Imagine the blackout across northern India in 2012, the roads jammed with traffic and the train stations swamped when the power shut off for two days in the biggest blackout in history. It had been a sweaty hot summer and as the fans and air conditioners whirred, the power use soared, and then the grid collapsed. This is just one part of the $40 Trillion needed to upgrade water, power and transportation globally over the next 20 years. The World Bank estimate 85% of that will need to be financed by the private sector, and that is why attracting private capital is so important. A blackout in India, or a four-year water crisis in California, or a 5-year-old city for refugees with no infrastructure; they all require funding.
It is in this climate that the investment market is talking about London real estate overheating due to a lack of other outlets. There is no shortage of money and interested parties, including sovereign wealth funds, looking for safe long-term investments – like infrastructure. They are faced with the enormous challenge of finding worthwhile investments because, predictably, they are interested in profitability. Now financial institutions are turning urban sustainability frameworks to help guide their investments. For instance, the Asian Development Bank has developed the index for Environmentally Liveable Cities in China, in order to focus and monitor the impact of investments. It’s clear that urban sustainability is important to the financial community, but do we know why? Let’s peer a little inside the black box to see what science can tell us about the value of sustainability.
What can science tell us about what financial institutions already know to be true, the link between urban sustainability and financial results?
Researchers have investigated the link between sustainability and corporate results. This is our closest parallel to sustainability and urban institutions, since we don’t have direct research to turn to. The Green Business Case Model examines six arguments for the link between sustainability performance and financial performance. This helps lay out our assumption in a neat hypothesis. I’ve adjusted it slightly for cities, not corporations so that it reads:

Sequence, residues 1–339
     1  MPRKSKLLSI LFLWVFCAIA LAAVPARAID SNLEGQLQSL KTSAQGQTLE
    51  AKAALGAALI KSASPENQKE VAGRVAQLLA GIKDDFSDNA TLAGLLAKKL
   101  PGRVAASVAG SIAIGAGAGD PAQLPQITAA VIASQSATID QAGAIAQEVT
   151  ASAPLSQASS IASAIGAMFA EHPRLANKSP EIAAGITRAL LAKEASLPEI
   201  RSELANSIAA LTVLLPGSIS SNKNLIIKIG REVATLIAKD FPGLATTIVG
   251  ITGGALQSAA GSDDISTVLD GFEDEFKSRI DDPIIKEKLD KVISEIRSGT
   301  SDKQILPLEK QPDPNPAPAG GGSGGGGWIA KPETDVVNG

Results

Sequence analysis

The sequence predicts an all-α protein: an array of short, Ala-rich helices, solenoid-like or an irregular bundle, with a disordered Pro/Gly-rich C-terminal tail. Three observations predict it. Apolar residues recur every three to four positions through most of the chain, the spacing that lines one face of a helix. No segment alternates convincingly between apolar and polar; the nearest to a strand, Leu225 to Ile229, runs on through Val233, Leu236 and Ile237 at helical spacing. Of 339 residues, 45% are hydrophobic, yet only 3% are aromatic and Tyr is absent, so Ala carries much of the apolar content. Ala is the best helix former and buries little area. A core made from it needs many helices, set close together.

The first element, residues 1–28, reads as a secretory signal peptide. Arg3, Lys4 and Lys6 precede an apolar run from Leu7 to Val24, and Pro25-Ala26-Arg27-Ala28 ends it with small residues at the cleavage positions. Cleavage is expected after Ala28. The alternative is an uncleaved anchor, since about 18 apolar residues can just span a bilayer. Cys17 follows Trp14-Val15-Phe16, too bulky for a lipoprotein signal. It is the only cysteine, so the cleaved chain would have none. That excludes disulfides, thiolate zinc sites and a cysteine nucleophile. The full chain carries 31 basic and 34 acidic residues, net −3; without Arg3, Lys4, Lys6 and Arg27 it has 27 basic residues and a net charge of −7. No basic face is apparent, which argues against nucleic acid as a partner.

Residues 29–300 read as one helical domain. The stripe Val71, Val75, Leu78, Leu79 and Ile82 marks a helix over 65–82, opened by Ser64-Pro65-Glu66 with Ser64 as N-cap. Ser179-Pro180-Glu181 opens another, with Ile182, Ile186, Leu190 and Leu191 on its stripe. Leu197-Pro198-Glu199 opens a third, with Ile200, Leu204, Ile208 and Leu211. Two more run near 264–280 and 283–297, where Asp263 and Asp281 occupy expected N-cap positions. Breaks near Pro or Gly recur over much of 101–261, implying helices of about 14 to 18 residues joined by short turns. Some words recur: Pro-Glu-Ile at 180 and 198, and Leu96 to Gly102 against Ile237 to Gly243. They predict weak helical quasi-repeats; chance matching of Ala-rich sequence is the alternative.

Hypothesis: the city that (i) introduces greener places and sustainable services, backed up by recognised standards and labels, will (ii) reap the reward of greater reputation, which again will (iii) enable the city to achieve better financial outcomes.
The first part of this puzzle is to see whether sustainably motivated actions improve reputation. An academic paper investigating exactly that found there is a link between the two.
“The study suggests that while environmental processes are substantially important to a firm, such processes are not a significant predictor for corporate reputation. The study demonstrates that environmentally motivated actions on stakeholder sensitivity and environmental marketing are significant predictors of corporate reputation.”
That could be summarised by the following diagram, showing the opportunities related to marketing sustainability, and the risks of ‘discovery’ of poor performance. If you are going to market your urban sustainability, it had better be based on something with substance.
How do urban sustainability frameworks help with the reputation of a city?
Since we know there are two dimensions to good reputation – being well known and have good sustainability performance – selecting a sustainability framework depends on what it is you want to achieve. Let’s take a little time to rate the raters to see which frameworks do what, because among 40+ international urban sustainability frameworks there is plenty of variation.
Three broad categories of tools found by the University of Westminster are ‘Performance Assessment’ frameworks, ‘Certification’ Frameworks, ‘Planning Toolkit’ frameworks.
‘Performance assessment’ describes the measurement of the sustainability of particular places and developments using particular criteria, so as to compare them with other cases, or to track progress over time. This is particularly useful if you want to track the effectiveness of your impact per unit invested. E.g. The Sustainable Cities Index
‘Certification’ frameworks describe a formal accreditation process that may assist both in securing third-party investment and in marketing the development with sustainability ‘kitemark’. They are best suited to external communication of urban sustainability. E.g. Green Star Communities